Joint Pain       Introduction      
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This section looks at sources of pain in and around the major joints in the body (shoulder, elbow, hip, and knee).

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Every adult in the UK over the age of 60 years will have signs of osteoarthritis on their X-rays, but most will have no symptoms. Many people think that joint pain automatically means that "arthritis" is the cause. In many cases this is not true, as the source of pain is coming from outside the joint. It is important to keep an open mind and consider all the possible causes.

Joint Pain Classification
  • Look at the table below for a classification of joint pain by structure, diagnosis and associated pain relief treatments. Please also look at Assessment and Diagnosis.
Local Joint Pain
Overlying Muscle
Sprain / Myofascial Pain

Trigger point Injection, Acupuncture, Exercises and Stretches

Overlying Tendon / Tendon Sheath
Tendonitis (Tendinitis)/ Tenosynovitis
Tendon Sheath Injection
Associated Joint Bursa
Bursa Injection, Surgical Drainage / Removal
Joint Ligaments (External and Internal)
Partial or Full Thickness Tear
Prolotherapy (Partial), Surgical Repair (Full)
Joint Capsule (Outer layer)
Capsulitis e.g. Frozen Shoulder / Capsular Tear
Steroid / LA Injection, Joint Mobilisation, Surgical Repair
Joint Synovium (Inner layer), Periosteum (Outer Bone layer)
Arthritis - Osteo, Rheumatoid, Acute, Reactive
Steroid / LA Injection, Ostenil Injection, Joint Mobilisation, Surgical Joint Replacement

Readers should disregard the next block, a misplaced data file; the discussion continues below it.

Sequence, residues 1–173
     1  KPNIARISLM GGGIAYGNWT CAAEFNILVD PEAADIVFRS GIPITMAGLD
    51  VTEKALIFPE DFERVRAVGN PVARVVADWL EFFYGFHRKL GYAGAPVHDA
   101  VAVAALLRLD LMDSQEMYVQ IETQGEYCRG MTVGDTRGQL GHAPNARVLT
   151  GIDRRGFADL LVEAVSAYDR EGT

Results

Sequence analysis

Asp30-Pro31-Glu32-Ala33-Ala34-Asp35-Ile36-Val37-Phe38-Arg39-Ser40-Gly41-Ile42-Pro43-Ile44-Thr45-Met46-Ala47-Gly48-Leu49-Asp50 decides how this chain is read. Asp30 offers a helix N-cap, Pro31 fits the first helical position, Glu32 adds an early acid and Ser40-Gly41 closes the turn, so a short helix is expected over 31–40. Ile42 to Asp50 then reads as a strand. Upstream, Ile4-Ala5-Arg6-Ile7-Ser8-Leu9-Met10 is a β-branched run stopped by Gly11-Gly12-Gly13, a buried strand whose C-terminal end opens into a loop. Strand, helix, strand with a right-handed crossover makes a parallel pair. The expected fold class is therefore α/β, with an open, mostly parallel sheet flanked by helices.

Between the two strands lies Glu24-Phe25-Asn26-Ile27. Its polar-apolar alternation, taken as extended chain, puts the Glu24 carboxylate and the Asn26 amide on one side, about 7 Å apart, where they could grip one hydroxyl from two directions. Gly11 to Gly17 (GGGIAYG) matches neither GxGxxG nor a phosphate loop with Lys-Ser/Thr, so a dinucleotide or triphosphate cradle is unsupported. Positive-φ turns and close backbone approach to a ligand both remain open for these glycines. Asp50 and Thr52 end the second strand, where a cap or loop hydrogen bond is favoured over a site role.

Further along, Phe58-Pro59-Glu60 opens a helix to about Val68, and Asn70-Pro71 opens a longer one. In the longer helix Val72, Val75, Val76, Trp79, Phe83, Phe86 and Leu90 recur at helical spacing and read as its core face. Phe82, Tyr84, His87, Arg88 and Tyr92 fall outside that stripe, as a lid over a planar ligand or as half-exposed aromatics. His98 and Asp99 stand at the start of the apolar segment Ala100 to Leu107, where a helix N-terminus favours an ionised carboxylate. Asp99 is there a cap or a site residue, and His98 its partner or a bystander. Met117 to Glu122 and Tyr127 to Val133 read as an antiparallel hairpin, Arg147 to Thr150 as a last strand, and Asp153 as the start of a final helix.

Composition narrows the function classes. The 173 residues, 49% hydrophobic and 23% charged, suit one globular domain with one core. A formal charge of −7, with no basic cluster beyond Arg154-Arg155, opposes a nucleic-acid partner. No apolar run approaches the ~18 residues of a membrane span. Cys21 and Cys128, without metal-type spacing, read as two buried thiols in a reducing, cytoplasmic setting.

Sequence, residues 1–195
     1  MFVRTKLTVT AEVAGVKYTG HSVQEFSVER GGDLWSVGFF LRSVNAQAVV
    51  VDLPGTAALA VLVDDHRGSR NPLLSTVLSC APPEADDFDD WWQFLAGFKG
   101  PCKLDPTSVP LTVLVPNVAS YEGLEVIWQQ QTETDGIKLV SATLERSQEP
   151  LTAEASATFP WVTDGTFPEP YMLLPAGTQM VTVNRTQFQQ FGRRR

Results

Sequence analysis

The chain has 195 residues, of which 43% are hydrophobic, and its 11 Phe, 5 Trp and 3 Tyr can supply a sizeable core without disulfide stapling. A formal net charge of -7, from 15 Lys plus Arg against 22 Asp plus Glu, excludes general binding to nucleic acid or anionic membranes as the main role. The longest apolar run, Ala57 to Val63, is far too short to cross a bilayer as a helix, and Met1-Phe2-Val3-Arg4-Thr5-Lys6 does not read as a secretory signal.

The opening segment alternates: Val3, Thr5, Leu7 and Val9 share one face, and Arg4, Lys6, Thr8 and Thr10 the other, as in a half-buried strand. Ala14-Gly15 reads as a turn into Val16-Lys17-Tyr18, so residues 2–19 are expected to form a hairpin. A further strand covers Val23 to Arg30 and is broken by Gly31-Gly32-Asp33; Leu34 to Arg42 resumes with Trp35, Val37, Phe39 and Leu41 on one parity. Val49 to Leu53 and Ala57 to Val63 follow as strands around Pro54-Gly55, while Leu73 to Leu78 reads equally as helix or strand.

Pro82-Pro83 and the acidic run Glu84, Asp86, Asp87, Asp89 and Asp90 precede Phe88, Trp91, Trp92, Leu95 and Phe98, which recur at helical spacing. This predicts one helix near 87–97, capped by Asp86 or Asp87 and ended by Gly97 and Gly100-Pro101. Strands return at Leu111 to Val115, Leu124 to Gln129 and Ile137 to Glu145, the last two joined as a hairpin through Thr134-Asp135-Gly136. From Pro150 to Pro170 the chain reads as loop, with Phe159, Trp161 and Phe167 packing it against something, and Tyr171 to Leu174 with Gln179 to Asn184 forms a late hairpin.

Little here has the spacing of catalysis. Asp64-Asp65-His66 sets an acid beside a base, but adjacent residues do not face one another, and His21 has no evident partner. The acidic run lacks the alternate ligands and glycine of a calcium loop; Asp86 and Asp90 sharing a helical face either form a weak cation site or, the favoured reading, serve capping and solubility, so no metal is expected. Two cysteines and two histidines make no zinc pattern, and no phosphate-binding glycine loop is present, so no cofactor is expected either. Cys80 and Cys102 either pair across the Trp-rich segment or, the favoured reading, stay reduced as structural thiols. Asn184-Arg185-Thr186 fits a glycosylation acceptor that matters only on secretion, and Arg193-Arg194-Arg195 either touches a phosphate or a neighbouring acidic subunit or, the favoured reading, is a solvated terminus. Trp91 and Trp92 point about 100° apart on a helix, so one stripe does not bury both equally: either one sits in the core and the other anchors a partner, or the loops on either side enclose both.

Proximal Muscles
Sprain / Myofascial Pain
Quadriceps refers pain to the knee area . Infraspinatus refers pain to the shoulder area
Proximal Joints
All of the above Local Causes

Hip Joint refers pain to the knee area

Neuralgia / Sciatica

C5 Nerve in the neck refers pain to the shoulder region. L3 Nerve in the lower back refers pain to the knee area

Spinal Structures
Lower Back Pain, Neck Pain
Vertebrae, Spinal Ligaments and Facet Joint Joints all can refer pain in the appropriate dermatome .

Assessment and Diagnosis


  • Diagnostic Triage is essential to exclude serious red flag conditions like HIV, infection, carcinoma, nerve root impairment, bony fracture / collapse.
  • Diagnosis in these red flag cases depends mainly on the history, and therefore questioning should enquire about  recent trauma, constant progressive non-mechanical pain (particularly at night), previous history of cancer, long term oral steroid use, history of drug abuse or HIV, being systemically unwell, recent unexplained weight loss, persisting severe restriction of joint movement, widespread neurological changes, and structural deformity.
  • If many joints are painfully swollen with early morning stiffness, particularly if the pattern is mainly peripheral joints affected symmetrically, then specific blood tests should be performed to exclude rheumatological conditions like Rheumatoid Arthritis (RA) and Systemic Lupus Erythematosis (SLE).
  • If there is a family history of bleeding disorder and a history of an acutely painful swollen joint (especially knees) after minimal trauma, then haemophilia and other coagulation defects should be excluded.


  • When being examined in the clinic, patients often point to a spot and say "It's just there Doc". However the patient's brain and the examining finger can be deceived by referred pain and referred tenderness. If a segment of the spinal cord becomes sensitised by a painful process, then the whole dermatome will be painful and sensitive to touch, making it difficult to find the exact source of the pain.
  • It is important therefore not just to examine where the patient has indicated the pain is, but to consider all the potential causes of local and referred pain as shown in the tables above.